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McDonald v. Brookshire Grocery Co.

United States District Court, W.D. Louisiana, Monroe Division

September 18, 2019

MARGARET MCDONALD
v.
BROOKSHIRE GROCERY CO., ET AL.

          KAREN L. HAYES JUDGE.

          RULING

          TERRY A. DOUGHTY UNITED STATES DISTRICT JUDGE.

         Pending here is the Motion for Partial Summary Judgment on Behalf of Argel Building Services, Inc. (“Argel”) [Doc. No. 82]. Plaintiff Margaret McDonald (“McDonald”) filed an opposition [Doc. No. 87].

         The motion is fully briefed, and the Court is prepared to rule.

         I. FACTS AND PROCEDURAL BACKGROUND

         McDonald contends that she suffered injuries on June 20, 2016, when she slipped and fell on water left after a floor was cleaned and buffed at the Brookshire store in Jonesboro, Louisiana. On May 26, 2017, she filed a Petition for Damages against Defendants Brookshire Grocery Company (“Brookshire”), Nationwide Building Services, Inc. (“Nationwide”), and The Travelers Indemnity Company of Connecticut (“Travelers”) in the Second Judicial District Court for the Parish of Jackson, State of Louisiana. On August 1, 2017, the lawsuit was removed to this Court.

         On March 12, 2018, McDonald filed a First Supplemental and Amended Petition [Doc. No. 16], adding as an additional Defendant Argel Building Services, Inc., (“Argel”). She alleged liability on the basis that Brookshire had retained the services of Nationwide, who, in turn, had retained the services of Argel to clean the floors of the business.

         On March 5, 2019, McDonald filed a Second Supplemental and Amended Petition [Doc. No. 36] adding as an additional Defendant United Specialty Insurance Company (“USIC”), the alleged insurer of Argel.

         On March 7, 2019, Nationwide filed a Motion for Partial Summary Judgment [Doc. No. 38], contending that it had no liability to McDonald because it had not cleaned or buffed the floors at the Jonesboro Brookshire store, but, rather, had sub-contracted that work to Argel, as an independent contractor.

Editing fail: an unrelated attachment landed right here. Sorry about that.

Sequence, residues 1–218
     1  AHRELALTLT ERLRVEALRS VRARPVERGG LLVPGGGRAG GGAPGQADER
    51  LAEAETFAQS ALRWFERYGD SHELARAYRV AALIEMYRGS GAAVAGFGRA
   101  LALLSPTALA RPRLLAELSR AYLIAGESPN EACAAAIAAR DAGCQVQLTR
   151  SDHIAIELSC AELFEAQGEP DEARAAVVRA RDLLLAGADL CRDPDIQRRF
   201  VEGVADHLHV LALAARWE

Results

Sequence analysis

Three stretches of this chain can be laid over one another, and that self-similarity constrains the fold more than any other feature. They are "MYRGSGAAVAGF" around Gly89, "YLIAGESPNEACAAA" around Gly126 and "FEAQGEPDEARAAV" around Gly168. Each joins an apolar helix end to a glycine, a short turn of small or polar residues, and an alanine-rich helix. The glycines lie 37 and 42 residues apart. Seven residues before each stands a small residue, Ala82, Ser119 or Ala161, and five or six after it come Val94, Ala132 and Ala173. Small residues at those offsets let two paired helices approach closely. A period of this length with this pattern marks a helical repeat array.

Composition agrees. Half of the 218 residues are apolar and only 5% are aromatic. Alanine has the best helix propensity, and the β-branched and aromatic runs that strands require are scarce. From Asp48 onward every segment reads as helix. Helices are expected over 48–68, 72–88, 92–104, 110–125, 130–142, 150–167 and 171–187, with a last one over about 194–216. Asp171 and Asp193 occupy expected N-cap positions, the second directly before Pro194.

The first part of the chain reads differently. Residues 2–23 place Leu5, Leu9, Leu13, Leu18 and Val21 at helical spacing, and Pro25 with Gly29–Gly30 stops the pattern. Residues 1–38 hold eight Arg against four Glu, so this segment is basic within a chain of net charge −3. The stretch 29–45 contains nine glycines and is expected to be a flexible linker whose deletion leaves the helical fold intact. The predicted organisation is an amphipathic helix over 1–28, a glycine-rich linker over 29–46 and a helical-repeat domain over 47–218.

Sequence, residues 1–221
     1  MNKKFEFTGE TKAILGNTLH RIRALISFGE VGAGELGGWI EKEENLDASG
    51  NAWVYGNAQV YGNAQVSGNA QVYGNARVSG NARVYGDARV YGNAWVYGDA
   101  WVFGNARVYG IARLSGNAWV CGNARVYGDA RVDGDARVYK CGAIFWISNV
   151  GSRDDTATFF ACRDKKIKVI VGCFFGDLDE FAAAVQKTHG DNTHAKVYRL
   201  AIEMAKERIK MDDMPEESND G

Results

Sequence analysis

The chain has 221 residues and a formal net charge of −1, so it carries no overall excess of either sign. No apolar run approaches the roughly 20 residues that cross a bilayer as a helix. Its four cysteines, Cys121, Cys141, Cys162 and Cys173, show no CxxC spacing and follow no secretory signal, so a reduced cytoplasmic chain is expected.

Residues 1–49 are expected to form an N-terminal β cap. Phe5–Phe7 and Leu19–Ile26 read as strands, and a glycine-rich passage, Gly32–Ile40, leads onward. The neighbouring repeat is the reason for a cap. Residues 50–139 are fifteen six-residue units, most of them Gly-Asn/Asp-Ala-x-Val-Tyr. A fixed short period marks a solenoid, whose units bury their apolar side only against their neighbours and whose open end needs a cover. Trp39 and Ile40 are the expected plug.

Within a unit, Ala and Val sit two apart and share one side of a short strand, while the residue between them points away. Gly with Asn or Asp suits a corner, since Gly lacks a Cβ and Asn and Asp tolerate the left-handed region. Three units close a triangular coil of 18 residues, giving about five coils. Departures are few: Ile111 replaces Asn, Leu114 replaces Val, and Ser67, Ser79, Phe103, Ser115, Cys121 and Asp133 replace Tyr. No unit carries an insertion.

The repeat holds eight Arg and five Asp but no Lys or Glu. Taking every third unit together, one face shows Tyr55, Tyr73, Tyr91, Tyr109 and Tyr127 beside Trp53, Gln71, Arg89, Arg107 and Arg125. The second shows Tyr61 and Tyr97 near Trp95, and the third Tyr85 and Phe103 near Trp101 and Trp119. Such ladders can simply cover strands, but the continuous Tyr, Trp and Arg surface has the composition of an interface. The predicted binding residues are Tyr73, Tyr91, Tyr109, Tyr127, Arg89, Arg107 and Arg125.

On April 5, 2019, the Court granted Nationwide’s Motion for Partial Summary Judgment [Doc. No. 38], concluding that Nationwide has no liability to McDonald because under Louisiana law a party is not liable for the torts of its subcontractor unless that party retains the right to control the manner in which the contractor performs his work, which, in this case, Nationwide did not do. Thus, the Court concluded that Nationwide was entitled to judgment as a matter of law holding that it has no liability to McDonald [Doc. Nos. 52, 53].

         On April 30, 2019, Brookshire and Travelers filed a motion for partial summary judgment asking that McDonald’s claims against them be dismissed because: (1) Brookshire did not perform any floor cleaning services that allegedly caused or contributed to McDonald’s slip and fall; and, (2) Brookshire contracted all floor cleaning services for the premises in question to Nationwide as an independent contractor, and, therefore, Brookshire was entitled to summary judgment dismissing McDonald’s claims against it for the same reason the Court granted summary judgment in favor of Nationwide [Doc. No. 54].

         On June 7, 2019, the Court granted Brookshire and Travelers’ motion for summary judgment [Doc. Nos. 68, 69]. On July 1, 2019, McDonald filed a Notice of Appeal [Doc. No. 72], which the United States Court of Appeals for the Fifth Circuit dismissed for want of jurisdiction, on July 30, 2019 [Doc. No. 78].

         On July 3, 2019, USIC, Argel’s insurer, filed a Motion to Dismiss on the basis that McDonald’s tort claims are time-barred by liberative prescription [Doc. No. 73]. On August 26, 2019, the Magistrate Judge issued a Report and Recommendation in which she recommended the motion to dismiss be granted [Doc. No. 84]. On September 10, 2019, the Court entered Judgment adopting the Report and Recommendation [Doc. No. 86].

         On August 24, 2019, Argel filed the pending Motion for Partial Summary Judgment [Doc. No. 82], asserting that McDonald’s claim against it, too, is time-barred.

         For the following reasons, Argel’s motion is GRANTED.

         II. LAW AND ANALYSIS

         A. ...


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